However, there may be occasions when a conviction is quashed on appeal, but no
valid grounds may exist for alleging that the conduct of the defence counsel
amounted to negligence. If an error has been made in the course of the trial, it
may have been made in the course of the trial, it may have been made by the
trial judge in his ruling on the point of law admissibility of evidence or his
summing up of the matter. All the other participants in a criminal trial are
immune from actions for negligence. In such circumstances, it would be abusive
of public policy to vex the advocate for suit for negligence in such a manner.
light of the above, the issue stands thus: Should Section 5 of the Legal
Practitioner’s (Fees) Act, 1926 be read down so as to exclude the liability of
advocates for negligence in criminal cases? Do the advantages outweigh the
disadvantages so as to justify the preservation of Section 5 in its original
form? On the ground of fundamental rights, it can be argued that allowing of
such immunity may be violative of the fundamental right of the people to
approach the courts for the determination of their rights. But in direct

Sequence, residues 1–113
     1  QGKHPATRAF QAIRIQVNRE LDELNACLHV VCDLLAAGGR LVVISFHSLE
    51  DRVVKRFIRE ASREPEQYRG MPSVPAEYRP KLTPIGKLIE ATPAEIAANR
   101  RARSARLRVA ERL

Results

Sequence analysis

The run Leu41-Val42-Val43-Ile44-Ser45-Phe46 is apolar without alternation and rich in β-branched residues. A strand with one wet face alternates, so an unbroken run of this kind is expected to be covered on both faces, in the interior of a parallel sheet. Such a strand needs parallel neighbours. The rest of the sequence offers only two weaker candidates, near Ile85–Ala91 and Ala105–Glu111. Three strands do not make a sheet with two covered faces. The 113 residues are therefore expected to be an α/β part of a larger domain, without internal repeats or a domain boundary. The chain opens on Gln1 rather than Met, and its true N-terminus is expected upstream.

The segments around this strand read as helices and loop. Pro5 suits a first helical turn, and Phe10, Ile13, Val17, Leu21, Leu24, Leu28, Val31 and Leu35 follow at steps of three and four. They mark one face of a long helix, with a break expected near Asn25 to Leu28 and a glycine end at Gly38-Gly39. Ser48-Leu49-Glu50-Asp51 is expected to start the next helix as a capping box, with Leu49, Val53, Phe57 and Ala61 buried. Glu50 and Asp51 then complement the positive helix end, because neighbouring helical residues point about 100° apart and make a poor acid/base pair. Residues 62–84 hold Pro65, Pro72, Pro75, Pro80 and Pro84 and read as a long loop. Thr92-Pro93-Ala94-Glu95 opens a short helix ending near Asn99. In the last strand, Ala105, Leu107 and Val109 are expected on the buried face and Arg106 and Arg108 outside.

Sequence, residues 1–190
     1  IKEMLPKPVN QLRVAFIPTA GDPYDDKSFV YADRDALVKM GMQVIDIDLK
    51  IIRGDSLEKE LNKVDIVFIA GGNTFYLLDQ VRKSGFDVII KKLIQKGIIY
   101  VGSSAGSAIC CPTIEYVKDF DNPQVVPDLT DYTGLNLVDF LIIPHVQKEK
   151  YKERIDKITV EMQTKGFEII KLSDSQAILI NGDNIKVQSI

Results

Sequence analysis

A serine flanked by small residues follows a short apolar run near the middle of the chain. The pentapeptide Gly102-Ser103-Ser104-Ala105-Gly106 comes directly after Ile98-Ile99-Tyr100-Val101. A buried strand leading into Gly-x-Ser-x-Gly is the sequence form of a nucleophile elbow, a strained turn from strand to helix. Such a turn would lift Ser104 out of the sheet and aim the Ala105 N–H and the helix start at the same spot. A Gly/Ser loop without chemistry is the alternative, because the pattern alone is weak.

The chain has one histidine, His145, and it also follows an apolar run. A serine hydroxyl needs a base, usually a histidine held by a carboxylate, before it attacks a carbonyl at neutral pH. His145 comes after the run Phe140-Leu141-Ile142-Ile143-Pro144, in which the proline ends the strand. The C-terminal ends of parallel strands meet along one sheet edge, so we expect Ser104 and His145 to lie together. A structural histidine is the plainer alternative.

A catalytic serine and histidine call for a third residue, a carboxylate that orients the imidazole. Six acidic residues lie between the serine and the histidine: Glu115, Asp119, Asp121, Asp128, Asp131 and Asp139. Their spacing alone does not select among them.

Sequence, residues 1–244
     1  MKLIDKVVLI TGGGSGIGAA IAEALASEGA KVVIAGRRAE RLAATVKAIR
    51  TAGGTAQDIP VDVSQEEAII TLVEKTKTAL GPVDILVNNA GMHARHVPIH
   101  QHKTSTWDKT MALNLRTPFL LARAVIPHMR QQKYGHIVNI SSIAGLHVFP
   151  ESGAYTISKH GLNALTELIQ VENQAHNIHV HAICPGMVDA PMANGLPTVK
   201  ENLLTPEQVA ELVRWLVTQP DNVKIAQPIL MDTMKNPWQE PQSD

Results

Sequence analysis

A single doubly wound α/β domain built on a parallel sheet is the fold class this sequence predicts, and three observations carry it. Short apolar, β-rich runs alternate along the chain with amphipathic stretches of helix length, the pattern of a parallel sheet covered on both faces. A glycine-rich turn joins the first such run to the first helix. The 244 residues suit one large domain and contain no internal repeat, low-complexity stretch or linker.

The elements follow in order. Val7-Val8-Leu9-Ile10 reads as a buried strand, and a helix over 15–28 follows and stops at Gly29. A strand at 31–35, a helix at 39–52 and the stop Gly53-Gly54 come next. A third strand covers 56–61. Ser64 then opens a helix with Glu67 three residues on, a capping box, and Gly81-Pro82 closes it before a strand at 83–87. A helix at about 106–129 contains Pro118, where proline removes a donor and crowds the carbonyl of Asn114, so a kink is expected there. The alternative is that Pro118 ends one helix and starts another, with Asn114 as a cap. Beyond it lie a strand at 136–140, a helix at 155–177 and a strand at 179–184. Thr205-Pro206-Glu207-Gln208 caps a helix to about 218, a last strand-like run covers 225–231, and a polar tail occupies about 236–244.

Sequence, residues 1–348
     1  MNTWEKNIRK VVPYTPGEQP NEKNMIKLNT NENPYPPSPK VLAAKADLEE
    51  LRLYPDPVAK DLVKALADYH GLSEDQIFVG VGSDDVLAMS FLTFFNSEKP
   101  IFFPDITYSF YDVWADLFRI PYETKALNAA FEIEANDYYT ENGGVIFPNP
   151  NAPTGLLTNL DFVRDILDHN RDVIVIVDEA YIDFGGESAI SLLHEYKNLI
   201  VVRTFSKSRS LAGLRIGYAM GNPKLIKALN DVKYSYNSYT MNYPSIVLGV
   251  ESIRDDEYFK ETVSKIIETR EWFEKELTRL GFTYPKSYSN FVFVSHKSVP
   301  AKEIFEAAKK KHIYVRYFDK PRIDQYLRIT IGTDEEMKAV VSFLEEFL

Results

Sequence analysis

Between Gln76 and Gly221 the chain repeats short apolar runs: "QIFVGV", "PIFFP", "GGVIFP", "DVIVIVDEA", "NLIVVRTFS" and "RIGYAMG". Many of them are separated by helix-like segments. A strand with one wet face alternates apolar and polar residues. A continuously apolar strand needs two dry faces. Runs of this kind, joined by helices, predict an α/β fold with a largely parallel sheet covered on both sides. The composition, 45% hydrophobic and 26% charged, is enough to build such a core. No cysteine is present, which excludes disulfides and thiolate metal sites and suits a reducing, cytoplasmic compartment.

conflict to this would be the adverse effect on the proficiency of lawyers
acting under a constant threat of damages, making their duty to the court
subservient to their duty to the client and mitigating the public confidence in
the criminal administration of justice. This would again be unacceptable. The
issue must now be dealt with exhaustively and conclusively, so as to ensure that
it does result in a lacuna in the law relating to the professional negligence in
Indian Medical Association v. V.P. Shantha,
(1995) 6 SCC 651 para 22 at p 665 per S.C. Agrawal J
Jackson and Powell on Professional Negligence, 3rd Edition
para 1-04, 1-05 and 1-56
 3 All ER 993
ibid at p 1000
 2 All ER 353
Acton v. Graham Pearce & Co.,  3 All
ER 909 at p 925 per Chadwick J
 3 All ER 673
ibid at pg 685
Gianarelli v. Wraith,  81 A.L.R., at p 556
per Mason CJ
Arthur J.S. Hall v. Simons,  3 All ER 673
at p 716 per Lord Hope of Craighead
ibid at p 744 per Lord Hobhouse
(1988) 1 SCC 557
ibid para 24 at p 571 per A.P. Sen J
AIR 1989 P&H 183
(1988) 1 SCC 557
AIR 1989 P&H 183 para 9-10 at p 185
AIR 1996 Mad 427
 3 All ER 973